Ozone Park, Queens: A Congenial Area Welcomes a New Wave of Residents

In the past decade, the neighborhood has seen a “tremendous transformation,” with new developments and an increasingly diverse population.

Last year, Yi Xu and her husband, Vail Gold, moved from Long Island City to Ozone Park.

The couple had run across a Zillow listing for a $580,000 house with three bedrooms in the Queens neighborhood, which lies just east of Brooklyn and west of the Aqueduct Racetrack, four miles from John F. Kennedy International Airport.

Ms. Xu, 30, a management consultant for a hospital, was born in China, and Mr. Gold, 31, a software developer, came from upstate New York. They hadn’t heard of Ozone Park, so they didn’t know that it was developed in the late 19th century, when “ozone” referred to the sea breezes from Jamaica Bay that supposedly swept away threats of malaria.

Nor were they aware that John Gotti, the Gambino crime family boss who died in 2002, was its most notorious former resident, with the Beat Generation novelist Jack Kerouac coming in maybe second.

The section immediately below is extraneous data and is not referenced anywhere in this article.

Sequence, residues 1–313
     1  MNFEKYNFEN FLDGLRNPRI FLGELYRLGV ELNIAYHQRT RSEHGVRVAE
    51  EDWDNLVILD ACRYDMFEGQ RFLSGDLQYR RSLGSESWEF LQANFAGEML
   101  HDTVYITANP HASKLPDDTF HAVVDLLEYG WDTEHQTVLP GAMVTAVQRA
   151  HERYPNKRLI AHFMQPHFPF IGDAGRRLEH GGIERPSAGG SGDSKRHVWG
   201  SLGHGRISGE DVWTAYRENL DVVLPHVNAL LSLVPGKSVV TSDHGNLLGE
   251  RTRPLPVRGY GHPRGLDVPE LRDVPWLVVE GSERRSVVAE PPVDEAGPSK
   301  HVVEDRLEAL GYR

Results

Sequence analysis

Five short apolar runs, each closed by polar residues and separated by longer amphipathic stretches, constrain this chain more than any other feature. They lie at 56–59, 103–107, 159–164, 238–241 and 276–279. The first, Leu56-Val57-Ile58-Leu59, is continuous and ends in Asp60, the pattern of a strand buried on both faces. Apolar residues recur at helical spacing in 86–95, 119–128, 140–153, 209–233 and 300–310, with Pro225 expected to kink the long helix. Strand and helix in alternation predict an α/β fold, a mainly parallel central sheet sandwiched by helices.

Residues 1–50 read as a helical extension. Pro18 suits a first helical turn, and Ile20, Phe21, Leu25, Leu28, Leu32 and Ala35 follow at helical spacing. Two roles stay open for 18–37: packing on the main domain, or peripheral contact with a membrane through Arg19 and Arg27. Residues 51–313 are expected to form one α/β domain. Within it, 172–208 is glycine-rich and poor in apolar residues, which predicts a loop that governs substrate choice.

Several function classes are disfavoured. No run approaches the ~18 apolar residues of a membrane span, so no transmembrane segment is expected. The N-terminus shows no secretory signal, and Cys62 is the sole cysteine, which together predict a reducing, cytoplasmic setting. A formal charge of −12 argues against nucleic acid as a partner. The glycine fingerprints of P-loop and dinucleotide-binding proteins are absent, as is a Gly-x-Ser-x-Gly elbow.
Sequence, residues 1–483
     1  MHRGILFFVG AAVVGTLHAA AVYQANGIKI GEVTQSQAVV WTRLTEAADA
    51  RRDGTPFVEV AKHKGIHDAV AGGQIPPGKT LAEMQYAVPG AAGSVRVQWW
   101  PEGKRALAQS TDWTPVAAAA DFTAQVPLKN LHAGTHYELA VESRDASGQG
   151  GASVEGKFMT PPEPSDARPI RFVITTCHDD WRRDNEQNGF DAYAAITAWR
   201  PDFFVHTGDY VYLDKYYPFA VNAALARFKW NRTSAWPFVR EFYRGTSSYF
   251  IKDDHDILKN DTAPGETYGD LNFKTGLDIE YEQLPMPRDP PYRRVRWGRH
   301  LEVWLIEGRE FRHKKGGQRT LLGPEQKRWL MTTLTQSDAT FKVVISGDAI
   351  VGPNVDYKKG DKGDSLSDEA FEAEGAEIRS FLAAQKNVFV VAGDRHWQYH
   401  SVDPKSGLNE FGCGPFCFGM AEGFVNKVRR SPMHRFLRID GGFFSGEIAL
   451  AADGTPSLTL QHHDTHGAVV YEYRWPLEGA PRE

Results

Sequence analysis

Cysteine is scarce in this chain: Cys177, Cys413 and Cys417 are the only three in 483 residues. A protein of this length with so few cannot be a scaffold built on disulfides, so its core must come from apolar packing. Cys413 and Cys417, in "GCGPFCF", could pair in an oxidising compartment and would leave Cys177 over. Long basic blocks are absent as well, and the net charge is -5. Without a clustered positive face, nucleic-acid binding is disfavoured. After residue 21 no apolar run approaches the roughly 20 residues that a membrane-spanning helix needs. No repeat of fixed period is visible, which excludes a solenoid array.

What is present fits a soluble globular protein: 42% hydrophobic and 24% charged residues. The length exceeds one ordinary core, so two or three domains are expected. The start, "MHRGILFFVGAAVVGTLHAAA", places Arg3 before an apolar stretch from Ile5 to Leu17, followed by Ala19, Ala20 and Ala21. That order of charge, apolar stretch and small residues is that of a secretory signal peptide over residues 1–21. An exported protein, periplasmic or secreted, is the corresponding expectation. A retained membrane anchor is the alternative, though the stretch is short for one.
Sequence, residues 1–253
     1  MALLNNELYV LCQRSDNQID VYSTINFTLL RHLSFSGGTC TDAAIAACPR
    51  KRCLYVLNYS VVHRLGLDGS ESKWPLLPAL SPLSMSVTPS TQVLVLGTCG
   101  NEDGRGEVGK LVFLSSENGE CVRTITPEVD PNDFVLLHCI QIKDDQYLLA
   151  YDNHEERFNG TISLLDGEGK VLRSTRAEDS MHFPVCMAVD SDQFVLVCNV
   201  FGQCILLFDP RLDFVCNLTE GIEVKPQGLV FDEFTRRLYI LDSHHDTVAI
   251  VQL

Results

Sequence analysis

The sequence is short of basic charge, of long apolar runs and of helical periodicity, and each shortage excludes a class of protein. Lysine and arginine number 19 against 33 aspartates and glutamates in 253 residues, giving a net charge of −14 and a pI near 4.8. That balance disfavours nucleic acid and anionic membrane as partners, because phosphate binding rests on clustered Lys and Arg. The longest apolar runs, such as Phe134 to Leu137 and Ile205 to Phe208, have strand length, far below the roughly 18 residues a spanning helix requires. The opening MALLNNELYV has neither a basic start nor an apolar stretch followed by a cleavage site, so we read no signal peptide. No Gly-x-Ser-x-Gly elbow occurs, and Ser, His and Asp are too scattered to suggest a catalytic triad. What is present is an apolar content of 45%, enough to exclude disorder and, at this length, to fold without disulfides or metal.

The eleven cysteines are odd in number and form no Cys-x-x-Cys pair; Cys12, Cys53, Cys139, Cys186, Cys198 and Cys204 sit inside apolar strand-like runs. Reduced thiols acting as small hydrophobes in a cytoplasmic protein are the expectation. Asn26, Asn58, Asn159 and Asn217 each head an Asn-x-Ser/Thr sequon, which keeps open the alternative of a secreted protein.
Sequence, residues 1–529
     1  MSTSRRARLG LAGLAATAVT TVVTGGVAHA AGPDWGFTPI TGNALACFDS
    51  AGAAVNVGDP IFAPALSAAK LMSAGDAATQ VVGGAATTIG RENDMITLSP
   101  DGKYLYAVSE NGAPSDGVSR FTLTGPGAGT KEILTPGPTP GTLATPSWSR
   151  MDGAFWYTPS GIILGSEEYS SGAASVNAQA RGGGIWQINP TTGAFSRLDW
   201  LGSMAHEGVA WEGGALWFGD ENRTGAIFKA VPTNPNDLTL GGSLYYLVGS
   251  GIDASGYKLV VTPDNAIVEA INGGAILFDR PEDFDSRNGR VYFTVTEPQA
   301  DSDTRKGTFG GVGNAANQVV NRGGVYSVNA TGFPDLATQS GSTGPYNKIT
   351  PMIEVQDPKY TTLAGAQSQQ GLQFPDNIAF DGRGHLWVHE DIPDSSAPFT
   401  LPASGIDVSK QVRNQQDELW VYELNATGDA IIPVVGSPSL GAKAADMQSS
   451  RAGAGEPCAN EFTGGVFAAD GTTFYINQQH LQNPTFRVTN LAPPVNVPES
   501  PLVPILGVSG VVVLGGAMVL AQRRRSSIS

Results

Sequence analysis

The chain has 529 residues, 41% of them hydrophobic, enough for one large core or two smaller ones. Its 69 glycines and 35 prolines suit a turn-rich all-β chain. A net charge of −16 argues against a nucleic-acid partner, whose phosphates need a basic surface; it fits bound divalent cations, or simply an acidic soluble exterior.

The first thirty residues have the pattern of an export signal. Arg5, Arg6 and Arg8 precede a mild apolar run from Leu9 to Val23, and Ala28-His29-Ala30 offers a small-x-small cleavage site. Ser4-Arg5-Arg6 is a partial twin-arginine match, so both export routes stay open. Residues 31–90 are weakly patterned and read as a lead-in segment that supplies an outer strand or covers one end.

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The World’s Fair Is Coming Back to Queens in a Very 2018 Way!!

Queens New York Real Estate

If your parents or grandparents were in the New York City area in the early 1960s, you probably heard lots of stories about all the cool inventions and park rides they saw at the New York World’s Fair.

The famous fair held between 1964 and 1965 at Flushing Meadows–Corona Park included 140 pavilions, 110 restaurants, and 45 additional attractions. It was, for many attendees, their first interaction with computers and other “futuristic” technologies presented by corporations like IBM and Bell System. Plus, about 80 nations and 24 states were represented during the fair. Continue Reading ›

Forest Hills: New Life For The Forgotten Home of American Tennis?

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Ariel Shot of The West Side Tennis Club Circa 1937 in Forest Hills , New York

September 1977. In a leafy suburb 10 miles west of downtown New York, tennis history is being made.

Crowds of people swarm onto the court, and vilas is hoisted onto a fan’s shoulders.

Four decades later, the west side tennis center is quiet — the once thriving home of american tennis is a shadow of its former self.

The action has moved three miles north of the queens neighborhood to flushing meadows, where the USTA National Tennis Center has developed into the world’s largest public facility of its kind.

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